This appreciation of the Bush stance shows up the weaknesses of Powell’s failed attempt to win an Arab coalition to support America’s war against Osama bin Laden and his Middle East and Afghan Taliban supporters and sympathizers. It also signals the failure of Powell’s recent mission to Islamabad: to use Pakistan as a channel for reaching Taliban leaders and a attaining a negotiated end to the conflict, just when the White House was leaning on Pakistan to provide more bases and broadening its battle areba against terrorism.
The pattern emerging in the top Bush team is for Powell to lead the way with quiet diplomacy, followed closely by Bush shooting from the hip.
Above all, the State Department appears oblivious of the strongest foreign policy trend embraced by the White House: the new understanding with Putin’s Moscow.
debkafile‘s Washington sources report that the US president is placing all his chips on the single card of his relationship with Putin, as the key to winning in the world war against the terrorists. Every other consideration has been cast aside. So single-minded is Bush that he was unconcerned when he and the Chinese president Jiang Zemin found no agreement on a single issue at the Asian-Pacific Economic Cooperation summit that ended in Shanghai on October 21. Bush seems to believe that China has no option but to fall in behind the Bush-Putin lead. Beijing has been quick to disprove this assumption with steps calculated to curtail the spread of US influence in Pakistan and Central Asia.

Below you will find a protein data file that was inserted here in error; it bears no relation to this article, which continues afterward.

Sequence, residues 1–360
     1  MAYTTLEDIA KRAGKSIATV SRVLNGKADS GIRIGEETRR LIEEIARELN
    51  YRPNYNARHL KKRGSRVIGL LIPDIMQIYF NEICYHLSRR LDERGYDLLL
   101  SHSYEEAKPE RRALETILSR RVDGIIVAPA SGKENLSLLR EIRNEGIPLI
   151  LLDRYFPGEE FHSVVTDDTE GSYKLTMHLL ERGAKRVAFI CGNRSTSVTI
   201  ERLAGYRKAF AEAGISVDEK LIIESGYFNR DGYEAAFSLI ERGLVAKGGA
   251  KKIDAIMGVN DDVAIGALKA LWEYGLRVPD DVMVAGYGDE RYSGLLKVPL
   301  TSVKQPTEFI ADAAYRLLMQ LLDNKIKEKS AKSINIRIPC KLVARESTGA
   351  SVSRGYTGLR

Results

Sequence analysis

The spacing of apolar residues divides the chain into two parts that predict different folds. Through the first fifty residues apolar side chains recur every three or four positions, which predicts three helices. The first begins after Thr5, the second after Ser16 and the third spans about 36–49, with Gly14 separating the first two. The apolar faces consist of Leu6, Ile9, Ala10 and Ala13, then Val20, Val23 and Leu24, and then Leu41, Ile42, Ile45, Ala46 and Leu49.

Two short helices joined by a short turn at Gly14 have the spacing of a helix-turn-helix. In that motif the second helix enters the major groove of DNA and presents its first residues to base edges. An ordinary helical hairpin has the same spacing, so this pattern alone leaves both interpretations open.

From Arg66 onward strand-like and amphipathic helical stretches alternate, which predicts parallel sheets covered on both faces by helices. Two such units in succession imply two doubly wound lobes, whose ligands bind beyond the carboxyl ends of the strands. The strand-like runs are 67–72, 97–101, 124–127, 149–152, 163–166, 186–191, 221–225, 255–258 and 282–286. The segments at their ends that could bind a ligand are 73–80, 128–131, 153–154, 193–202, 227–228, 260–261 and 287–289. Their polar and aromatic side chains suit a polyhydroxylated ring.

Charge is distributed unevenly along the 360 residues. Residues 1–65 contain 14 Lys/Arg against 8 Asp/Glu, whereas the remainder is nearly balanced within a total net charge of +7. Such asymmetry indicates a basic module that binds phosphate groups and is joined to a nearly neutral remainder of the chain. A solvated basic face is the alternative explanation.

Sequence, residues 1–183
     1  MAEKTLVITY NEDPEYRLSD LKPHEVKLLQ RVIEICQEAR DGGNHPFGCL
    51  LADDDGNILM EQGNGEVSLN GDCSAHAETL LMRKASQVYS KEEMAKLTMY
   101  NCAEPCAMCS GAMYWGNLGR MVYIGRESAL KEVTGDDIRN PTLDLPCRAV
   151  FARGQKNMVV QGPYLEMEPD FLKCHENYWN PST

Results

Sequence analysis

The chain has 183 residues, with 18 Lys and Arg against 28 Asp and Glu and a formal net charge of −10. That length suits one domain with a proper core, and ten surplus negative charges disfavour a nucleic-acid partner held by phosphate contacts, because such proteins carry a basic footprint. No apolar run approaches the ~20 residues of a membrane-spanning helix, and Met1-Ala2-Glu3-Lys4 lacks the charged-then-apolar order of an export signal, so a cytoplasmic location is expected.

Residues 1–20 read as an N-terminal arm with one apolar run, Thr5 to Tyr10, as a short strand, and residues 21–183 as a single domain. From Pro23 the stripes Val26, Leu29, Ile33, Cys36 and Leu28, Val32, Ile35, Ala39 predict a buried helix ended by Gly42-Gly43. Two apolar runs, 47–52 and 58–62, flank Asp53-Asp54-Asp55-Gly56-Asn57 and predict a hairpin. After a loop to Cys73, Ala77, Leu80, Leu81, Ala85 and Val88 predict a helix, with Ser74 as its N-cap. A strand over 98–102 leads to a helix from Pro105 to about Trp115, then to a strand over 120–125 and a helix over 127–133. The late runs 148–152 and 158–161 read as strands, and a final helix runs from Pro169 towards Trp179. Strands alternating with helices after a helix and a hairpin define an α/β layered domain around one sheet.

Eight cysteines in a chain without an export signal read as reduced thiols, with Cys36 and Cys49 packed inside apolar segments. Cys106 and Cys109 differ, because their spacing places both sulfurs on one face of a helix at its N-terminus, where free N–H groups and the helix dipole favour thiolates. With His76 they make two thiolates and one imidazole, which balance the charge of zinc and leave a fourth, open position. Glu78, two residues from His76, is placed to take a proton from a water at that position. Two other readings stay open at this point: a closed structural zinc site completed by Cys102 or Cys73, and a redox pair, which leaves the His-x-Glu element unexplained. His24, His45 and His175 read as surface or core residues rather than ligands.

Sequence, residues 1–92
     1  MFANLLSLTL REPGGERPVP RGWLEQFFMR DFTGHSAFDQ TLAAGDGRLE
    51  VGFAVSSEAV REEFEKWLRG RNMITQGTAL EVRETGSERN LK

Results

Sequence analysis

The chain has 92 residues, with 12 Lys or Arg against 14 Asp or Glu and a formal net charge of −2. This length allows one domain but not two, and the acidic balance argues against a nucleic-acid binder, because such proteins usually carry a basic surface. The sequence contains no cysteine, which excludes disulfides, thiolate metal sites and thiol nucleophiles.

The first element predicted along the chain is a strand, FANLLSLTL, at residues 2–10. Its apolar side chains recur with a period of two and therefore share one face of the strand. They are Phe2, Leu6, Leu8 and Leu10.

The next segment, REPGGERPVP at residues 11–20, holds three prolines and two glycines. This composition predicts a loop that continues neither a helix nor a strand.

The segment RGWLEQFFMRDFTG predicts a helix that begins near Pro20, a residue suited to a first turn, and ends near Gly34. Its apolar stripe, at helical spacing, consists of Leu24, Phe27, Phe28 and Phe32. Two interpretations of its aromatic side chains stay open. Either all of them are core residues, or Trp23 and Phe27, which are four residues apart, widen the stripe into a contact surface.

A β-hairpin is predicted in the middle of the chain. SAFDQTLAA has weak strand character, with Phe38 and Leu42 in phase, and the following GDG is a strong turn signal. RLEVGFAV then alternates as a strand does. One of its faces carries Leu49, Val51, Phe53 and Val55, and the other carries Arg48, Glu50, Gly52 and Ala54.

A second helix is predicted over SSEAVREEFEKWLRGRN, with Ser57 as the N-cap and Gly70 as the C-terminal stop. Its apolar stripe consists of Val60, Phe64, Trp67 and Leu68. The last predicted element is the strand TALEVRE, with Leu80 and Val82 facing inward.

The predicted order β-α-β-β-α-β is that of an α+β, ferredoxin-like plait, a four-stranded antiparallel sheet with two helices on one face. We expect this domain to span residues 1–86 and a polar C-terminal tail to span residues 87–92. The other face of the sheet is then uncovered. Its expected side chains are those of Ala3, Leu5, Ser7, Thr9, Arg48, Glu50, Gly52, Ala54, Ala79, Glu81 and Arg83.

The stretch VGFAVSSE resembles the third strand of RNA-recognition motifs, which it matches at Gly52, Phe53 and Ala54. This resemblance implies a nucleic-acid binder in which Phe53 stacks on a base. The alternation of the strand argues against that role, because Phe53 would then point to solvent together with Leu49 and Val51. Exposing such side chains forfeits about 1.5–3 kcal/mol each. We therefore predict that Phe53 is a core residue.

With America going full steam ahead in the first phase of its Afghanistan campaign and preparing to open additional fronts – possibly in Iraq and Lebanon – and Russia preparing for a major offensive in Chechnya, no one has much time to spare for Yasser Arafat. Therefore, Israel’s indefinite troop presence in seven Palestine towns does not unduly perturb too many officials in Washington or Moscow.
Assad, on the other hand, may find himself faced with more attention than he likes – not only American demands, but US Marines landing in Syrian-controlled eastern Lebanon and setting about the task of eradicating the terrorist bases of the BeqaaValley.
The Iranian leaders grasped the seriousness of the American threat first. Over the weekend, they pulled their military and Revolutionary Guards personnel out of Lebanon, ending a 15-year presence there so as not to see Iranians killed or captured in an American anti-terrorist operation.
In Israel, the Labor party, while a part of the government unity lineup, is evincing extreme nervousness over IDF operations in Palestinian territory. Their foremost complaint, that Israel is recreating a Lebanon situation, is clearly divorced from the wider context. Not only has the Labor leader, foreign minister Shimon Peres, endorsed the steps approved by the defense cabinet to purge Palestinian terrorists in the wake of the murder of a cabinet minister, but those steps are fully synchronized with the White House – if not the State Department – and will not be reversed as long as that consensus lasts.